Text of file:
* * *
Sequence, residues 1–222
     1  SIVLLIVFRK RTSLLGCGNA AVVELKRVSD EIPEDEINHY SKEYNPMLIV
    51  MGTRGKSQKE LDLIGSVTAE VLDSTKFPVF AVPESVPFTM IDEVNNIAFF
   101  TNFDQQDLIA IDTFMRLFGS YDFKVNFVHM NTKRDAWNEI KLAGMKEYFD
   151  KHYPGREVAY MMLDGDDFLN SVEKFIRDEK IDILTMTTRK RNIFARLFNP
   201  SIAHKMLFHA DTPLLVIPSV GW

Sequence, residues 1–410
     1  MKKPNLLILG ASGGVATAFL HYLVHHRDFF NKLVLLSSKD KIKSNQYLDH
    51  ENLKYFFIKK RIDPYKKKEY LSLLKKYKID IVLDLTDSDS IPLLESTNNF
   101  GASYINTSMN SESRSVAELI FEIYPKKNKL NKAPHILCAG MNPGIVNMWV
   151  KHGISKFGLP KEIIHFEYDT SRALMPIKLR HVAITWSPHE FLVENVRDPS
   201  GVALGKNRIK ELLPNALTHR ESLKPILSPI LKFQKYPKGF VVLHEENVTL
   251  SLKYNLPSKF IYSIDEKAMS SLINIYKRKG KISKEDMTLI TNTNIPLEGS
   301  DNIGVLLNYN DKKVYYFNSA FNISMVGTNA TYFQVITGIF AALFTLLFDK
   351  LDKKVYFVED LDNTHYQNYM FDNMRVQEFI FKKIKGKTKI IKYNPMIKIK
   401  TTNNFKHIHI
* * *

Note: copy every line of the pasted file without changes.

Sequence, residues 1–222
     1  SIVLLIVFRK RTSLLGCGNA AVVELKRVSD EIPEDEINHY SKEYNPMLIV
    51  MGTRGKSQKE LDLIGSVTAE VLDSTKFPVF AVPESVPFTM IDEVNNIAFF
   101  TNFDQQDLIA IDTFMRLFGS YDFKVNFVHM NTKRDAWNEI KLAGMKEYFD
   151  KHYPGREVAY MMLDGDDFLN SVEKFIRDEK IDILTMTTRK RNIFARLFNP
   201  SIAHKMLFHA DTPLLVIPSV GW

Sequence, residues 1–410
     1  MKKPNLLILG ASGGVATAFL HYLVHHRDFF NKLVLLSSKD KIKSNQYLDH
    51  ENLKYFFIKK RIDPYKKKEY LSLLKKYKID IVLDLTDSDS IPLLESTNNF
   101  GASYINTSMN SESRSVAELI FEIYPKKNKL NKAPHILCAG MNPGIVNMWV
   151  KHGISKFGLP KEIIHFEYDT SRALMPIKLR HVAITWSPHE FLVENVRDPS
   201  GVALGKNRIK ELLPNALTHR ESLKPILSPI LKFQKYPKGF VVLHEENVTL
   251  SLKYNLPSKF IYSIDEKAMS SLINIYKRKG KISKEDMTLI TNTNIPLEGS
   301  DNIGVLLNYN DKKVYYFNSA FNISMVGTNA TYFQVITGIF AALFTLLFDK
   351  LDKKVYFVED LDNTHYQNYM FDNMRVQEFI FKKIKGKTKI IKYNPMIKIK
   401  TTNNFKHIHI